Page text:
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Community-based festival a labour of love for Nicole Dyble

Events like Fishbowl Fest are 'a sort of launching pad for ideas', says former Gore Street Cafe owner

Nicole Dyble loves making things happen; she’s been doing it for ages.

“When I was a little kid, I’d put a lot of effort into organizing my birthday parties,” she remembers. “When I was 17, I organized an indie music festival in my dad’s backyard in Caledon,” she says. “We had a bunch of bands play . . . I was always excited to bring people together.”

Originally from the GTA, Dyble moved to the Sault in 2014 after enrolling in the Community Economic and Social Development programme at Algoma University. “I found [the Sault] pretty welcoming. It was easy to connect with people, I found.”

As her network expanded, she kicked off her first community-based venture, a pay-what-you-can restaurant called the Gore Street Cafe. 

“The intention was to create a space where we could bring people together over food and music and art. And we could make wholesome, local food more accessible for people.”

She was drawn to the pay-what-you-can model because “it helped level the playing field,” she explains. “People can maintain pride in paying what they can, instead of coming in and having to ask for a handout. It makes people think about the value of food, the value of service, and also helping out one’s neighbours; paying it forward.”

She eventually closed the cafe and went on to coordinate programming for the Norgoma and book events for Outspoken Brewery. But she noticed a trend: “There’s a pervasive attitude in the city that there’s nothing to do here,” she says.

So, she set out to prove ‘em wrong. This past summer, Dyble helped to launch Dryer Fire, an eclectic pop-up on Bruce Street that offered local vintage items, music and art, and hosted 27 shows over the course of a few months. 

“A bunch of people [came in to Dryer Fire] said ‘Oh, I feel like I’m in Toronto or in Montreal,” says Dyble. “It’s a little strange to me, because it was so place-based; it could have only happened in Sault Ste. Marie. I would have never been able to afford to run a space like that in a big city. It was all local vendors; locally made stuff, very Sault Ste. Marie-esque, local musicians and touring musicians. We were able to do that because we’re in the Sault; everyone that’s touring across country has to stop here. And there’s very few places to play, especially on Sunday, Monday and Tuesday. So we had this wonderful opportunity to have all these amazing bands that are selling out small clubs in other cities.”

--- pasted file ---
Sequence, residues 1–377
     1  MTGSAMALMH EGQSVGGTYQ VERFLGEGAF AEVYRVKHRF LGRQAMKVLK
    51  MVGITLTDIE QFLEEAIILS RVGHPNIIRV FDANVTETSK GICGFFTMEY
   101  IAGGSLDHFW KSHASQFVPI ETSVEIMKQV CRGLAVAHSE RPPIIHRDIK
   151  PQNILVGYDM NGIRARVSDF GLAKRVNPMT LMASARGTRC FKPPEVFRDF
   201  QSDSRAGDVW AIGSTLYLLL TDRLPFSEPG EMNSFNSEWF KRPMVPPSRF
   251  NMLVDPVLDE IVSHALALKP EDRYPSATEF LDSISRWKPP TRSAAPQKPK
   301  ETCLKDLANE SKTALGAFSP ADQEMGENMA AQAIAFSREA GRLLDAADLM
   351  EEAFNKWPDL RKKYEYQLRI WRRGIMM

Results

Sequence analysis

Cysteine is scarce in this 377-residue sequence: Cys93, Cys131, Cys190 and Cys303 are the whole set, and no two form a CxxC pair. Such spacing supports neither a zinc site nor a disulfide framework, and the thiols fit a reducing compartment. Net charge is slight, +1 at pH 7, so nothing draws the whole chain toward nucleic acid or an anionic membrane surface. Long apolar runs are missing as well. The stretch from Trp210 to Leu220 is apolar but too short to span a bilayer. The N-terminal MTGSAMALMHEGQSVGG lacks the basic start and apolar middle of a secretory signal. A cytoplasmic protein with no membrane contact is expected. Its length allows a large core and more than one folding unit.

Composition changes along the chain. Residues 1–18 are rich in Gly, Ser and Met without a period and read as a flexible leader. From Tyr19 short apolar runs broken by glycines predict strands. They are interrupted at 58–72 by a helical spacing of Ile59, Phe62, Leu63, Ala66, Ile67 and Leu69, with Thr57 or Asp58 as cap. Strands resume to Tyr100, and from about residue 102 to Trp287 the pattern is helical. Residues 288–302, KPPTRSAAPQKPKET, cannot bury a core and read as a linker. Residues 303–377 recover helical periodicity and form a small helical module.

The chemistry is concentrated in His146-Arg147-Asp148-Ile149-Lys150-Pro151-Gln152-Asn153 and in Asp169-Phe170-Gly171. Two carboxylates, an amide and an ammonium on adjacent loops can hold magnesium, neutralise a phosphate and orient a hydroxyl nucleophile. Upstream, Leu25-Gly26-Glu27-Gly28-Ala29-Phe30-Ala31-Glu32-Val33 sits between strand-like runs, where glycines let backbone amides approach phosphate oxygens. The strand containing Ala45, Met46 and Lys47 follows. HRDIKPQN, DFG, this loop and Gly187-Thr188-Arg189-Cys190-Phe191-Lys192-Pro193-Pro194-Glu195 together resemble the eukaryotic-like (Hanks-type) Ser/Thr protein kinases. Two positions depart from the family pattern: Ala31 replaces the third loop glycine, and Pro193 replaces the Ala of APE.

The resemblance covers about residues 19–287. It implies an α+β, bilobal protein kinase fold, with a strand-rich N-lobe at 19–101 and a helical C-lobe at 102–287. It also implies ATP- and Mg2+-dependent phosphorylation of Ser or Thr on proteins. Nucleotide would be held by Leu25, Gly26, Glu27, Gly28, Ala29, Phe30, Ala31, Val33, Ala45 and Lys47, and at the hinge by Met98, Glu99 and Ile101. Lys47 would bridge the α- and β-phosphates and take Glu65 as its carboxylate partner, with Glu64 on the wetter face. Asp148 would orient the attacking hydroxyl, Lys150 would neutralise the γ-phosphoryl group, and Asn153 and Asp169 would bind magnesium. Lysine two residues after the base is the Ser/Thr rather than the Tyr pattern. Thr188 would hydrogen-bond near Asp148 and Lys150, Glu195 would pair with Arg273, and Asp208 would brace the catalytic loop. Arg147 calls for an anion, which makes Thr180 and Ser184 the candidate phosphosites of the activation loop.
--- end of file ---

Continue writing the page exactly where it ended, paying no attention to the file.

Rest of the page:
“The independent artists that are traveling here are just really happy to receive hospitality,” she says.

In addition to booking artists, she often offers them a place to stay in her home, a home-cooked meal, and shows them around the city. “People are super appreciative, and like playing a little local spot where people are into the music. We’ve set a pretty respectful tone; so when artists come and play shows; people actually listen and watch. It’s been really wonderful.”

Dyble has already begun planning for the 2019 Fishbowl Festival, now entering its fifth year.

“We’re using the resources and talent we have locally to put things together,” she says. “It’s a community-sourced festival.” The multiple-venue festival spans an entire month of programming (Feb. 20 to March 20) and is completely volunteer-driven. 

The festival is largely a labour of love for Dyble, who donates countless hours to organizing and implementing it each year.

"I like facilitating shifts in perception. A lot of stuff I organize seems apolitical, but it’s covertly political: I [like to] see people’s minds change. Bringing people from different demographics and socioeconomic backgrounds; there’s a social justice bent to it, in community building. I see people’s perspectives evolve, they become more compassionate. And it’s fun. If you can do that — have people enjoying themselves, it’s a whole lot more successful.”

“I see the importance of events like this . . . it acts as a sort of launching pad for ideas. I see how it impacts people. I see how they make new connections. I love it. It keeps me going.”

Dryer Fire kicks off a special holiday pop-up featuring local goods and vendors at 128 Bruce St. from Dec. 1-14. Want to help with Fishbowl Festival 2020 or make a donation? Get in touch via Facebook: or email